The White House has awarded four projects a total of US $350,000 to improve the quality of life and urban resilience in Oregon’s Portland, Maryland’s Montgomery Country, Washington’s Bellevue and Virginia’s Newport News. The four projects are part of the Global City Teams Challenge (GCTC), an initiative launched by National Institute of Standards and Technology and US Ignite.
These grants come just months after President Barack Obama’s speech at this year’s edition of South by South West in which he urged entrepreneurs and innovators to apply their technological talent in solving city problems and increasing civic engagement.
In Portland, low-cost sensors to monitor air quality will be installed and tested. The project will create an understanding to how these sensors can aid a city while a list of guidelines will be released to other cities to encourage the usage of similar sensors.
A similar move was deployed in London in August, 2016. The city set up 2,500 toxic air monitors that will warn and advise the public on how to respond to local air toxicity. The air monitors will issue alert when pollution levels reach “high” or “very high” – something that has happened several times this year in the British capital.
“Montgomery County, Maryland, will enhance its Safe Community Alert Network (SCALE) project, which aims to ensure a safer environment for residents by using Wi-Fi enabled sensors to alert first responders to an emergency—a job that previously was accomplished only with phone calls,” an official blog post says.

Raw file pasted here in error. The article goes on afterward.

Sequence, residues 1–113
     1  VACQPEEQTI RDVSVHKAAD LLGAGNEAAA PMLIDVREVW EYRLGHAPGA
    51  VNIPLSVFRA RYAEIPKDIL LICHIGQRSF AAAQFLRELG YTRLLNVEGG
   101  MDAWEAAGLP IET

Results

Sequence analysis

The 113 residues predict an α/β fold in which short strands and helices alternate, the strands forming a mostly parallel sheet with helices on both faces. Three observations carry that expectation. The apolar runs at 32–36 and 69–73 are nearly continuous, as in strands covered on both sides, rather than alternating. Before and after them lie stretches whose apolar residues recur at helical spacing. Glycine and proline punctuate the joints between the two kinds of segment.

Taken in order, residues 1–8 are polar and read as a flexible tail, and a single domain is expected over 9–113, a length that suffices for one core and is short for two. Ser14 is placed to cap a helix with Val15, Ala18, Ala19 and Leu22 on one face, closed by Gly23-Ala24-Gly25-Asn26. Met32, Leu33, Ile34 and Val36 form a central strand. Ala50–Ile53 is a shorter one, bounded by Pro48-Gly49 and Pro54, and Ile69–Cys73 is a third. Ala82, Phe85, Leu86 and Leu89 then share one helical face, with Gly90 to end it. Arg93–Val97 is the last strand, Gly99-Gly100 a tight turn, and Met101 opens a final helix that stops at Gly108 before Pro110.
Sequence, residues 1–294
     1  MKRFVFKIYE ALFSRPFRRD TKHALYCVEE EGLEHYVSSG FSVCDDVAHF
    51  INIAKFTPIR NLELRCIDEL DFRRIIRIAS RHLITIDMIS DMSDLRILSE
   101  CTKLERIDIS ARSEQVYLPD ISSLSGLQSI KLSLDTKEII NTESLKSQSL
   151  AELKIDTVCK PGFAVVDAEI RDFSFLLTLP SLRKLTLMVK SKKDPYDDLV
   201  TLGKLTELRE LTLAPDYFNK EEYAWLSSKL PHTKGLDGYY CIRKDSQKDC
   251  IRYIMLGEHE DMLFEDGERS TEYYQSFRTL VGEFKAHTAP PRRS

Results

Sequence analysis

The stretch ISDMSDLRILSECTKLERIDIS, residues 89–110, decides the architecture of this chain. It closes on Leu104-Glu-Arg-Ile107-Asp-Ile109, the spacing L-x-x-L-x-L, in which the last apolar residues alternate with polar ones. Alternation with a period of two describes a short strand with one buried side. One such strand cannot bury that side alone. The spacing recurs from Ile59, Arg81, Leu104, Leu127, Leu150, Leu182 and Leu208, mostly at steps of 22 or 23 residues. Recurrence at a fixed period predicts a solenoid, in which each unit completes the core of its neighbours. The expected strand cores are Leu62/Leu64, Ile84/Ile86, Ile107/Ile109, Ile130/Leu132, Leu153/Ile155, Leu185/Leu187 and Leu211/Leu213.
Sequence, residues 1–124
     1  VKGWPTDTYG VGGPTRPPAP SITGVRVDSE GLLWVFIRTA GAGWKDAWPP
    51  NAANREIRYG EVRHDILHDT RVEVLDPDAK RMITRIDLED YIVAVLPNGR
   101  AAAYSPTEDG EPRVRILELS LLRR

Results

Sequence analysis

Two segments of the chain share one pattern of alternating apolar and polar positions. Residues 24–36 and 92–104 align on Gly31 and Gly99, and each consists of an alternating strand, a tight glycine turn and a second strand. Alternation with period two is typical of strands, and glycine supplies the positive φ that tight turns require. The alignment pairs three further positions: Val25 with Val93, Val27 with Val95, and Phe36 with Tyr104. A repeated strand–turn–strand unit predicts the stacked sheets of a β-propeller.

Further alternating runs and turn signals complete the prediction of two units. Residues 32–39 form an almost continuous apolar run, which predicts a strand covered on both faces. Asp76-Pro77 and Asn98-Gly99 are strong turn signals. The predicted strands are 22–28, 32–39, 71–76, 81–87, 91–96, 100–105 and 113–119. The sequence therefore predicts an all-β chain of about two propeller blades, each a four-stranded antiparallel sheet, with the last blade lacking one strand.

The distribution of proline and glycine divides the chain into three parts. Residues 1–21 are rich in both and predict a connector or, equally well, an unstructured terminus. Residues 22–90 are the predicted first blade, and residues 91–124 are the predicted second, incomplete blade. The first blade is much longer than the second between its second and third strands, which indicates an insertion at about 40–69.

“With the help of advanced sensor technology, elderly residents would no longer need to fear a fall, and families would no longer fall victim to a smoke detector with a dead battery. The county will take the prototype platform into a new stage of development that will allow it to be replicated in other communities,” it adds.
Bellevue’s project will share real-time data among government bodies such as the police department, the fire department and civic services as well as transportation and utilities’ authorities, improving city-wide connectivity. The data will eventually be shared with the public.
As for Newport News, a computer model to predict urban floods will be developed by the Virginia Institute of Marine Science and eight partner cities in the Hampton Roads region.
“The project will create its models using water-level sensors and crowd-sourced data, and it will add a predictive modeling tool to plan emergency responses,” the blog post reads. “Some partner cities, such as the City of Norfolk, are working on a broader resilience strategy, so this project will help increase situational awareness of storm events for the entire region.”